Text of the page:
MMT in 1797?
N.A.M. Rodger, The Command of the Ocean, p 438:
On 2 February 1797 three French frigates landed 1,500 troops on the coast of Wales near Fishguard. The soldiers were mostly liberated criminals commanded by an American adventurer, and within twenty-four hours they had surrendured to the local militia without firing a shot. In military terms the expedition was pure comic opera, but its consequences for the government in London were not at all funny. The news that French troops were ashore on the British mainland caused a run on the banks. Gold was already short, mainly because so much had been exported to subsidize Britain's allies, or spent on importing grain after the bad harvest of 1795-6, and the Bank of England was forced to suspend the convertibility of its notes. This temporary measure (which lasted until 1821) ["Temporary"?] can be seen in retrospect to have been thoroughly helpful. The note issue continued to be managed with prudence; neither the credit of the Bank nor the value of the currency were seriously damaged. Going off the gold standard allowed the British economy during the course of the war to be gently reflated, ensuring maximum production and employment. At the time, however, what was visible was an acute financial crisis which threatened the government's ability to continue the war, and even maintain the fabric of society.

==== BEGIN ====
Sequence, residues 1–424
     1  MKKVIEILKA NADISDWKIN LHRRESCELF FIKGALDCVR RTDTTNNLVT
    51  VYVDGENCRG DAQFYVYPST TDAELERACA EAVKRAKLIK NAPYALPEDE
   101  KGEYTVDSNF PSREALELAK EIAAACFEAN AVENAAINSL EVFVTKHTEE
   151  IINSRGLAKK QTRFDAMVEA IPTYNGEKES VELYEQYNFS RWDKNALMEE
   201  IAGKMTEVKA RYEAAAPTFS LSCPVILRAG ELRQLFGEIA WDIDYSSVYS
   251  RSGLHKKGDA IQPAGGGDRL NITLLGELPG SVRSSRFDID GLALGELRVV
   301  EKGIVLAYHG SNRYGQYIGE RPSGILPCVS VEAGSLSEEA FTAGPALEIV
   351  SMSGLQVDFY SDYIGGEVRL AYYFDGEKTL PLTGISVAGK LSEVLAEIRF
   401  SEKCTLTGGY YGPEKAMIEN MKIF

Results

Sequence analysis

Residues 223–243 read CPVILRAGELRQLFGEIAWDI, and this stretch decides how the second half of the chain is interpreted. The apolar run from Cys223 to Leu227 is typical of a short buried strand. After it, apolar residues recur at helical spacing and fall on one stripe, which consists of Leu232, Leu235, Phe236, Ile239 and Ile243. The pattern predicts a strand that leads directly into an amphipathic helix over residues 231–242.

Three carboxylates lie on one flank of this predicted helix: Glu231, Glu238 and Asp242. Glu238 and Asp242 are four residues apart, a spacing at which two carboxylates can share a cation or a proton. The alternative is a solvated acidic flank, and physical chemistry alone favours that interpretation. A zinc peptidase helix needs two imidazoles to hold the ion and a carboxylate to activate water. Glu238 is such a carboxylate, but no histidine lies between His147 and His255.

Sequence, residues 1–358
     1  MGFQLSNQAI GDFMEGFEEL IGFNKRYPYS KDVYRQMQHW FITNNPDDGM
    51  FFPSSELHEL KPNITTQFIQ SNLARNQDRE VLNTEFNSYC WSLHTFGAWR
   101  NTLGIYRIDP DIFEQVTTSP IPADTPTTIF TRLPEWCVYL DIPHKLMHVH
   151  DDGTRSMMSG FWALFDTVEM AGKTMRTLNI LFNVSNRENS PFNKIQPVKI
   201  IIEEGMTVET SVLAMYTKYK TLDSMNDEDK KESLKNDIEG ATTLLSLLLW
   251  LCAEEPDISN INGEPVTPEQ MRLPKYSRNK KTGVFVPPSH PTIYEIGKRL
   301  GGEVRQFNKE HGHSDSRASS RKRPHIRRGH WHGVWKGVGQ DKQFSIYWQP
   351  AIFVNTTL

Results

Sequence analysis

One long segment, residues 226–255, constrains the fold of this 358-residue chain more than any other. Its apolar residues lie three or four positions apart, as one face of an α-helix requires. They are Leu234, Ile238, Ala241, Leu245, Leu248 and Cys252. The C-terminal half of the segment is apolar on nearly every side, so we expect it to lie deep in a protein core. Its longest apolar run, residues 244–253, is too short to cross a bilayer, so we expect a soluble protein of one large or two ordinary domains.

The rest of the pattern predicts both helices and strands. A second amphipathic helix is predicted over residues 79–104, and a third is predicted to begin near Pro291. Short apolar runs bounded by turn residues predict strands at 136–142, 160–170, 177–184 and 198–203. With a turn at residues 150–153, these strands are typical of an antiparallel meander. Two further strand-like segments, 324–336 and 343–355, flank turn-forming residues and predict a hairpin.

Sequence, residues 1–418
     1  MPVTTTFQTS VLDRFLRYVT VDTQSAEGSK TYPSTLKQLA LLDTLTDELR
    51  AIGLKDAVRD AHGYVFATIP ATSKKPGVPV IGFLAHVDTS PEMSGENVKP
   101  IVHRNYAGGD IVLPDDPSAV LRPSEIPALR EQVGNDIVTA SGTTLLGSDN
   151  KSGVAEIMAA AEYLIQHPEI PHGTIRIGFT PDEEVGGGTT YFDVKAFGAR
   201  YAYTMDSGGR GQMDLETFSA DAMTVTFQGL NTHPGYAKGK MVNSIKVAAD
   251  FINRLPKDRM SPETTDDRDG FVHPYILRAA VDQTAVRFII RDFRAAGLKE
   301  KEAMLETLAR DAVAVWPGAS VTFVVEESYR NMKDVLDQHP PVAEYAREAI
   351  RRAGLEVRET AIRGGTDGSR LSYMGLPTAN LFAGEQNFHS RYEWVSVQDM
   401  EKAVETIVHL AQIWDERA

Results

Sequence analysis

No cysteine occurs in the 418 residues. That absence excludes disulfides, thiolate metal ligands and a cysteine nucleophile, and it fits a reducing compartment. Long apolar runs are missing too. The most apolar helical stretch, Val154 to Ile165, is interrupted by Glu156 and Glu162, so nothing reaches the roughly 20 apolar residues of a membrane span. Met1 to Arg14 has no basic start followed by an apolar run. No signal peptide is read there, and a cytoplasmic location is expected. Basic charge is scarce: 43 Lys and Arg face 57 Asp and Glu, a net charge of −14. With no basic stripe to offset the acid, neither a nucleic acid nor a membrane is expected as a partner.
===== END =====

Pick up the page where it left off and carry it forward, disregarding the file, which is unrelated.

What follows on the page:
That sounds an awful lot like MMT, especially the part about "gently reflate the economy." Yes, the British government "just printed money" and won the Napoleonic wars!
NOTE Probably scholars know all about this, but I thought it was interesting. Yes, I read very long books on military history for pleasure.